There are three pressurised water reactor units at Indian Point. Indian Point-2 was permanently shut down in April 2020. Indian Point-1, a smaller PWR that began operation in 1962, was taken offline in 1974 because the emergency core cooling system did not meet regulatory requirements.
The shutdowns of Units 2 and 3 are the result of an agreement between Entergy, the facility’s operator, the state of New York, and environmental groups who had pressured officials to close the station. Entergy said one factor in the closure was sustained low current and projected wholesale energy prices that reduced revenues.
Unit 2 began commercial operation in 1974 and Unit 3 in 1976.
In February, the Climate Action lobby group said that despite 2,753 GWh of reduced energy demand during the Covid-19 pandemic, New York state generated significantly more electricity, 5,068 GWh, from fossil fuels in 2020 than in 2019 because of lost nuclear power.
The group, which supports the use of commercial nuclear power in the state, said that due to this greater fossil fuel consumption, the closure of Indian Point-2 could result in the annual production of about four million tonnes of avoidable carbon dioxide emissions – a figure that could double because of the closure of Indian Point-3.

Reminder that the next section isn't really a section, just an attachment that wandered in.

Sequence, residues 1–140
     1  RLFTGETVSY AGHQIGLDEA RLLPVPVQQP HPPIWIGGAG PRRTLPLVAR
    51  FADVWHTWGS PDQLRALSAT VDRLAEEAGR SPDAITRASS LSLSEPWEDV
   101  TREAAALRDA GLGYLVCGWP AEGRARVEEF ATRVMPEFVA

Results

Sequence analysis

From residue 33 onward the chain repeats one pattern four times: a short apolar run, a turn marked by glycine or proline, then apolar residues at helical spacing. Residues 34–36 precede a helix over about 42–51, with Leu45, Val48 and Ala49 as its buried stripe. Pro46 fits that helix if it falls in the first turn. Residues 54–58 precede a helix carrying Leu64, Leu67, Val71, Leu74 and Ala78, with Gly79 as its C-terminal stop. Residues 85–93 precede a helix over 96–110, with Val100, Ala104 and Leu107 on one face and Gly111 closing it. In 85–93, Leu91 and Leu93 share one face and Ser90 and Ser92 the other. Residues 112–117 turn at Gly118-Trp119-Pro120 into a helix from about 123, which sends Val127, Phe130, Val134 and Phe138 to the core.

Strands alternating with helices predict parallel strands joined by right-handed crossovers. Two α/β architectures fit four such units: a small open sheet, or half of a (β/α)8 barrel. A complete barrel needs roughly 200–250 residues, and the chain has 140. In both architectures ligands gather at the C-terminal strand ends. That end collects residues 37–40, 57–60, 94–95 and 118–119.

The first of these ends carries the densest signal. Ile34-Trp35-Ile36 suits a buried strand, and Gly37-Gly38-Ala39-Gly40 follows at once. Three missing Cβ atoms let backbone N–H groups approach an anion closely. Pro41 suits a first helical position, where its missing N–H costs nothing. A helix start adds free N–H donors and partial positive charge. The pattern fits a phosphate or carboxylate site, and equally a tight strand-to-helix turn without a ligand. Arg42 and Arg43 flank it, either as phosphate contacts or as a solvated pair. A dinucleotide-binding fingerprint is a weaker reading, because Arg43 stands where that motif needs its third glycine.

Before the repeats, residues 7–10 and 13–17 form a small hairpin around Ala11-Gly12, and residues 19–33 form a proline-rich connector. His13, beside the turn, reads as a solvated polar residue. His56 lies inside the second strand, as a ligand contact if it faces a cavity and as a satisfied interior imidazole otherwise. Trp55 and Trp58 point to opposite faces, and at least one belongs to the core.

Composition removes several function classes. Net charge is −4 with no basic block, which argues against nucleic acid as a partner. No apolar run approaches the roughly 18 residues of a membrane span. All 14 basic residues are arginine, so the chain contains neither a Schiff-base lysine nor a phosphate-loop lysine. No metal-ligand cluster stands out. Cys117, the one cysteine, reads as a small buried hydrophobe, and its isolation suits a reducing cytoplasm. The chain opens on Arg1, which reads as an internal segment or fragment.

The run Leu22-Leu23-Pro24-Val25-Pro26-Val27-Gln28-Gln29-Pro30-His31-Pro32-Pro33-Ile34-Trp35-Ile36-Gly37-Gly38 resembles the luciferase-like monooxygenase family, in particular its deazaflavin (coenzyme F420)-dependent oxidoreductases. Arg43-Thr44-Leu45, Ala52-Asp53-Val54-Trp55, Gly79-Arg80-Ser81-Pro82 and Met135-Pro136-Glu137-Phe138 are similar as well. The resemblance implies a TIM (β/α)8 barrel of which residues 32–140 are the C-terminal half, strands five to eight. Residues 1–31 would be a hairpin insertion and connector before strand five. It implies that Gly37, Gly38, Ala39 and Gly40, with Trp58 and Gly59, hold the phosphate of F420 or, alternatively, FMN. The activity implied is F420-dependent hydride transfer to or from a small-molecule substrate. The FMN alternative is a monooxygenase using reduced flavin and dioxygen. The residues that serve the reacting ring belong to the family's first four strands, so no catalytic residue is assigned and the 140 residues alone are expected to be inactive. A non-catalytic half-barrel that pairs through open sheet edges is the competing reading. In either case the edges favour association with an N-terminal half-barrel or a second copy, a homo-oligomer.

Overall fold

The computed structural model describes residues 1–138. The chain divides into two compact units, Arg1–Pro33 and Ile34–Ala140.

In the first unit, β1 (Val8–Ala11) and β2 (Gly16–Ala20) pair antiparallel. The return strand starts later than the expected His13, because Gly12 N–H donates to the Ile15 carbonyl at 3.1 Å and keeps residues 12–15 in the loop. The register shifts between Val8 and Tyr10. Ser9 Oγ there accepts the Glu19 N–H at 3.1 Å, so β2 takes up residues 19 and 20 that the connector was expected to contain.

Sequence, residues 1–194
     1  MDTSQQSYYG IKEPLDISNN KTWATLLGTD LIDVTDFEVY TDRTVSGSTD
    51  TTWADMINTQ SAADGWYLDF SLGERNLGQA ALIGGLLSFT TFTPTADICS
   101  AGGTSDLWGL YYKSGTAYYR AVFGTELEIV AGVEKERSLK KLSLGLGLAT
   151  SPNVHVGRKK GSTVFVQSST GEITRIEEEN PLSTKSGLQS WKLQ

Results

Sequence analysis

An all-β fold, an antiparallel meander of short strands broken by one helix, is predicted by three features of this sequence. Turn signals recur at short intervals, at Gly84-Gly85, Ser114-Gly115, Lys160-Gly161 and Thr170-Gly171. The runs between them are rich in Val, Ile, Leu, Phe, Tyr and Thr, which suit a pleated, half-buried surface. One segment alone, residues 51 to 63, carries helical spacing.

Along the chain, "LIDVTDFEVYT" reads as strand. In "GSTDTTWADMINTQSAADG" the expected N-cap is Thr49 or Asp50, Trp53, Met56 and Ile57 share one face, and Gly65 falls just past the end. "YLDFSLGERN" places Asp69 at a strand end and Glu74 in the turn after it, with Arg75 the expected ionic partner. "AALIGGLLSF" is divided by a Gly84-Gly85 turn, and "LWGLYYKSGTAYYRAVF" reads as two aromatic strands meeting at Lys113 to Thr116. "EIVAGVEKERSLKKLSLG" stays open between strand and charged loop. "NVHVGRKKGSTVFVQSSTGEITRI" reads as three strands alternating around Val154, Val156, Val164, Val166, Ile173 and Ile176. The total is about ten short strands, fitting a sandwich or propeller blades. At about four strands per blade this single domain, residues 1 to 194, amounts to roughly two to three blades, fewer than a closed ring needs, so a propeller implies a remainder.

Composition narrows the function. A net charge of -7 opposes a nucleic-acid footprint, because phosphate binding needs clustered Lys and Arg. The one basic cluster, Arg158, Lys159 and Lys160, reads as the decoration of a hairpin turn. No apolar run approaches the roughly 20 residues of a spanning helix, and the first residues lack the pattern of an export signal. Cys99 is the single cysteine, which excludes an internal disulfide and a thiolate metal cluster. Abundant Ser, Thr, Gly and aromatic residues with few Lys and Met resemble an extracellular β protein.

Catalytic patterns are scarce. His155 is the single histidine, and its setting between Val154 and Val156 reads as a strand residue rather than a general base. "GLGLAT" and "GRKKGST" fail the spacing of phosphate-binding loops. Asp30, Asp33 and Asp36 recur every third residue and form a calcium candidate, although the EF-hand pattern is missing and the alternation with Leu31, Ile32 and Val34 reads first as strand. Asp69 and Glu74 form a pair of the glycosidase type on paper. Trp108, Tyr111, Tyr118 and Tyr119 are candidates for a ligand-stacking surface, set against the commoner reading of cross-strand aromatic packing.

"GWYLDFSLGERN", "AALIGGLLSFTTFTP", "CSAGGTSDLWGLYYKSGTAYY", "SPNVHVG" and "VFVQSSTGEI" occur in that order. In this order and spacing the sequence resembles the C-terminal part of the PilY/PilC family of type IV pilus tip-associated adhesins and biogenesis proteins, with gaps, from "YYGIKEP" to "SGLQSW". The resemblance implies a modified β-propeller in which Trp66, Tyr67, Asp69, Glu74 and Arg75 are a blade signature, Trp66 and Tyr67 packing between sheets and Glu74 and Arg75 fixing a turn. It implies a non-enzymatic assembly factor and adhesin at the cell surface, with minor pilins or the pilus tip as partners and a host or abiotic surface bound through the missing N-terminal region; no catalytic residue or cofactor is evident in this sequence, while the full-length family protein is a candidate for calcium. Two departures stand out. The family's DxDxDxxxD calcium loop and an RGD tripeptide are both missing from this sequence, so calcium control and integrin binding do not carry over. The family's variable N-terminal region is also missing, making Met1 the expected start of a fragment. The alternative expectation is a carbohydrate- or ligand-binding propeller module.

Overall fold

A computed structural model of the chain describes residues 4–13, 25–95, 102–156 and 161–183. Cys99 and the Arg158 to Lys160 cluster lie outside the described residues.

In June 2020, the pro-nuclear non-profit group Generation Atomic said the closure of Indian Point-2 erased more carbon-free electricity from the grid than is generated annually by all of the wind and solar power deployed statewide over the past 20 years.
Entergy said the shutdown will end a remarkable recent operating history for the 1,030-MW Unit 3, which has generated electricity continuously for 751 days since it was last refueled in April 2019. This is a world record for commercial light water nuclear power reactors, the company said.
In November 2020, the US Nuclear Regulatory Commission approved the transfer of the Indian Point licence from Entergy to Holtec International and subsidiary Holtec Decommissioning International. Holtec plans to begin decommissioning at Indian Point following regulatory approval and expects to release portions of the site for re-use by the mid-2030s, nearly 40 years sooner than if Entergy continued to own the facility.